Friday, 7 March 2014

Ignorance

Joachim R. Sison
2012-58294
STS

Reaction Paper: Radio Play Adaptation of Isaac Asimov's Nightfall

On the most shallow starting note possible, I can say I admired how the voice actors managed to deliver their lines clearly, though I could have done with more emotion in their voices. In a completely different observation, I found the premise interesting, if only because I enjoy reading books about high fantasy, and a world that never knew darkness, stars or night due to six suns was a unique idea, to say the least.

The main concept that I found intriguing though was the idea that the fear of darkness and the realization that there were more stars in the universe aside from the six that gave the planet eternal day was what undid the minds of the characters in the story. There was preparation for the darkness of "night", and yet the unexpected knowledge that the entire universe was not simply limited to the six suns drove them into hysterics, causing the destruction and undoing of their society.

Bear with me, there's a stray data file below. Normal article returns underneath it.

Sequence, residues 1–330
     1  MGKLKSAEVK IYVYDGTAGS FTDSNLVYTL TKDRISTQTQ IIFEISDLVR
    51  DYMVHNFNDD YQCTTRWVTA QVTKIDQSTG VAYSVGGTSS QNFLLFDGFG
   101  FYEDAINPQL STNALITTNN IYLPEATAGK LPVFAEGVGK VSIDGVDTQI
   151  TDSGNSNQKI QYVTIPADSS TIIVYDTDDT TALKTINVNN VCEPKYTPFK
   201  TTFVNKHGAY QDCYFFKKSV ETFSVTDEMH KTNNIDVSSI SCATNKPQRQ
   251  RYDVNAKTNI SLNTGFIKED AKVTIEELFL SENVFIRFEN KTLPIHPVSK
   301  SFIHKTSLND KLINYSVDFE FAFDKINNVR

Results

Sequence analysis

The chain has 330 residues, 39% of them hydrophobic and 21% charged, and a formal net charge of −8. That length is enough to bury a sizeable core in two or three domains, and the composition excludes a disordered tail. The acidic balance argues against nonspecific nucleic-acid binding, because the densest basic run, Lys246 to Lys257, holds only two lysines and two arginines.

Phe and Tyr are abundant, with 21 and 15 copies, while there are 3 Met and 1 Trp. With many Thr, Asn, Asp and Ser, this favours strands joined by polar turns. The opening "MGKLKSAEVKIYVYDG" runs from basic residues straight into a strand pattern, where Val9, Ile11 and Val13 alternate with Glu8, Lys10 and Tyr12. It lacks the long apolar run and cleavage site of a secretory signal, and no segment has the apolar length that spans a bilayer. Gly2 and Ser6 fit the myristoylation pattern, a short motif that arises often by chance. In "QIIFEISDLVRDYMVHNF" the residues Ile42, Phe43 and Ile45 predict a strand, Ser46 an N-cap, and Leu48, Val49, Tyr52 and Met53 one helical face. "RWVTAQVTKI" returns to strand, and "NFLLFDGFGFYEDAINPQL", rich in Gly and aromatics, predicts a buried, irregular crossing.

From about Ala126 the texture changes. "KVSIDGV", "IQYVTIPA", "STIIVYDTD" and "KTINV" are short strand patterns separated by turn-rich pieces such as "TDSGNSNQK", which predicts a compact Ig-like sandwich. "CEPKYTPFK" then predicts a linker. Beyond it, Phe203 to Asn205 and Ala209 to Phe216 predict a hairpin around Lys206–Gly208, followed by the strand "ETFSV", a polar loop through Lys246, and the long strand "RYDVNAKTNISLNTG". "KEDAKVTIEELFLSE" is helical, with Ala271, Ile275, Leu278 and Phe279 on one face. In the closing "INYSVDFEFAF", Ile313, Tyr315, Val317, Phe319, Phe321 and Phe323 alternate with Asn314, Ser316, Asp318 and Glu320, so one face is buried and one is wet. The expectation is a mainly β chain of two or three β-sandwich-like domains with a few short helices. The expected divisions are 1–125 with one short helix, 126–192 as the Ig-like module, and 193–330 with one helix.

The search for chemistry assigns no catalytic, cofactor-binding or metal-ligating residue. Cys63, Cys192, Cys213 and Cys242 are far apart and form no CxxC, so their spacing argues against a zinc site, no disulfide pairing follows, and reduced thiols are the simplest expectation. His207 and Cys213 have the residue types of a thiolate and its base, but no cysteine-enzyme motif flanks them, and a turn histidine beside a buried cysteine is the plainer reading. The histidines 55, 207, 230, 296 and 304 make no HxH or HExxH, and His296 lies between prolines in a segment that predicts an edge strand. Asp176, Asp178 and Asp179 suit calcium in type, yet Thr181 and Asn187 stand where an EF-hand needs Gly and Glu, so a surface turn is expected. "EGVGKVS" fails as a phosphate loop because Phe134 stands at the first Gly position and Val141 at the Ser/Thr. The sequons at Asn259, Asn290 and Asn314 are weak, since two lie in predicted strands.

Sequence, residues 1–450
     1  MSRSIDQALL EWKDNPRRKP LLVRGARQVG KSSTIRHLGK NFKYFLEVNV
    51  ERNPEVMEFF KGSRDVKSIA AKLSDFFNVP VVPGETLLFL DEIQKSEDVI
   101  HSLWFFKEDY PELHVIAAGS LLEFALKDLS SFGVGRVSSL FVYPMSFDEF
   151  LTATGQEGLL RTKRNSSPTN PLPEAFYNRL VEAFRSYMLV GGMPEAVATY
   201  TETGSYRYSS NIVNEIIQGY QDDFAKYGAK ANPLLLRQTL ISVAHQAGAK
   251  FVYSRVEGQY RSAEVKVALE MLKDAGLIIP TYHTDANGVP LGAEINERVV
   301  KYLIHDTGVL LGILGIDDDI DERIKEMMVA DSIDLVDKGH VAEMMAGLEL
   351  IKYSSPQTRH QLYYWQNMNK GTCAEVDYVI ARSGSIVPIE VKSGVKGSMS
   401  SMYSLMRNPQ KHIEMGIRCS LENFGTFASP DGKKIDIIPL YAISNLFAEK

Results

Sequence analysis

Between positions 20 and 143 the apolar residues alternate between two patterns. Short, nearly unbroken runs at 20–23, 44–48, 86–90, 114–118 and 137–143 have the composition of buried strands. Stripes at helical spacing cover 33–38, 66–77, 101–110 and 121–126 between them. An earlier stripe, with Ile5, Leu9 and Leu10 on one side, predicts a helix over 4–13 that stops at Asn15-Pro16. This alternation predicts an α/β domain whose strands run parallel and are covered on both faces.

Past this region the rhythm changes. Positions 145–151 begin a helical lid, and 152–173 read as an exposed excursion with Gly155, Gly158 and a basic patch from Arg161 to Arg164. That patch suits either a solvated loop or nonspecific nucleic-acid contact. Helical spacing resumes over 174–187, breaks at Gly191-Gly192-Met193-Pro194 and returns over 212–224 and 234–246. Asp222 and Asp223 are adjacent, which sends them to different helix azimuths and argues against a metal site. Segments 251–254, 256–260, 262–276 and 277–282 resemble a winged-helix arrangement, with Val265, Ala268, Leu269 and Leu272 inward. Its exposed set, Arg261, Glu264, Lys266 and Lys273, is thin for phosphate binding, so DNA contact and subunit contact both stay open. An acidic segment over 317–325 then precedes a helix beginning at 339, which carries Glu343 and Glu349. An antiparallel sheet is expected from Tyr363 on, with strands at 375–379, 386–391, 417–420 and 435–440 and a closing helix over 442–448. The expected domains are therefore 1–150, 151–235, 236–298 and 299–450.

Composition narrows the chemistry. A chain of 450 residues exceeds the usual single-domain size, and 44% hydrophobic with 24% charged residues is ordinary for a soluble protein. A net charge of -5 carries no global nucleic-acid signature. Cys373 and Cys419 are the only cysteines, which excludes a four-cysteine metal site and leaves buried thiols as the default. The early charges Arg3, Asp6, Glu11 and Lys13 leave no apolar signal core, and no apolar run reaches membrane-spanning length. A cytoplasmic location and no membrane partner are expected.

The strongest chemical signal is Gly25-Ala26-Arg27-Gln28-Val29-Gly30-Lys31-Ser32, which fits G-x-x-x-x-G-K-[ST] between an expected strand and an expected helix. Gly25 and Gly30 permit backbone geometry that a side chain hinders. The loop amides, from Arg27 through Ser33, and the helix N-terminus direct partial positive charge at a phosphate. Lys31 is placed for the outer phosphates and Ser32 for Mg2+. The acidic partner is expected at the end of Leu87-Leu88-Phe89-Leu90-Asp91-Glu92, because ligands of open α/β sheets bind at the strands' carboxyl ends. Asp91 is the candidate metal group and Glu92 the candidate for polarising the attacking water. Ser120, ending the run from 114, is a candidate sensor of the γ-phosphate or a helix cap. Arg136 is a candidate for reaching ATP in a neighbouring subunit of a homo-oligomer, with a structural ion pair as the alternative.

It struck me as different and unique in the sense that it wasn't the fanatical belief that once night arrived the downfall would be caused by the stars unleashing a torrent of fire, or the scientist's idea that darkness would invoke fear in the people, resulting in society's collapse. It was the idea that the universe was vast, and that they were not aware of this fact. It's as if the realization that the universe was so large was what ultimately broke them, and that their ignorance had been the cause of their breakdown. For all intents and purposes, they most certainly could have survived the night that fell upon them if they simply kept composure, but when faced with the vastness of the universe, they lost all composure, and it was hinted that their civilization was undoing itself once again. Ignorance of this piece of information was what heralded their undoing.

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